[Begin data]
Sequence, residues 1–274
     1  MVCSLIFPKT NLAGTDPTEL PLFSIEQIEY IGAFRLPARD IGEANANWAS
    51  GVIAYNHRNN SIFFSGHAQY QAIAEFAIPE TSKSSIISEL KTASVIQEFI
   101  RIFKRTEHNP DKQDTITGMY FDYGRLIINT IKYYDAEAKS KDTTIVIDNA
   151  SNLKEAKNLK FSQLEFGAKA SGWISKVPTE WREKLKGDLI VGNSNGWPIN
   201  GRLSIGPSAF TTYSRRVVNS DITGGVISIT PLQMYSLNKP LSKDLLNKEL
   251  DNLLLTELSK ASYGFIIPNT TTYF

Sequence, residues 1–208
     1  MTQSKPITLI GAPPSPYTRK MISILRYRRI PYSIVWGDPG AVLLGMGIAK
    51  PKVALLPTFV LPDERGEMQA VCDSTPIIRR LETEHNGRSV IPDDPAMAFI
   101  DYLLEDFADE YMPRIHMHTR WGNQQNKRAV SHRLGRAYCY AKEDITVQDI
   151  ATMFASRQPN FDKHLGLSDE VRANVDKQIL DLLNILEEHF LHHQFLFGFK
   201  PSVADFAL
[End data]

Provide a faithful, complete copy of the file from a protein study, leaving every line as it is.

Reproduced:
Sequence, residues 1–274
     1  MVCSLIFPKT NLAGTDPTEL PLFSIEQIEY IGAFRLPARD IGEANANWAS
    51  GVIAYNHRNN SIFFSGHAQY QAIAEFAIPE TSKSSIISEL KTASVIQEFI
   101  RIFKRTEHNP DKQDTITGMY FDYGRLIINT IKYYDAEAKS KDTTIVIDNA
   151  SNLKEAKNLK FSQLEFGAKA SGWISKVPTE WREKLKGDLI VGNSNGWPIN
   201  GRLSIGPSAF TTYSRRVVNS DITGGVISIT PLQMYSLNKP LSKDLLNKEL
   251  DNLLLTELSK ASYGFIIPNT TTYF

Sequence, residues 1–208
     1  MTQSKPITLI GAPPSPYTRK MISILRYRRI PYSIVWGDPG AVLLGMGIAK
    51  PKVALLPTFV LPDERGEMQA VCDSTPIIRR LETEHNGRSV IPDDPAMAFI
   101  DYLLEDFADE YMPRIHMHTR WGNQQNKRAV SHRLGRAYCY AKEDITVQDI
   151  ATMFASRQPN FDKHLGLSDE VRANVDKQIL DLLNILEEHF LHHQFLFGFK
   201  PSVADFAL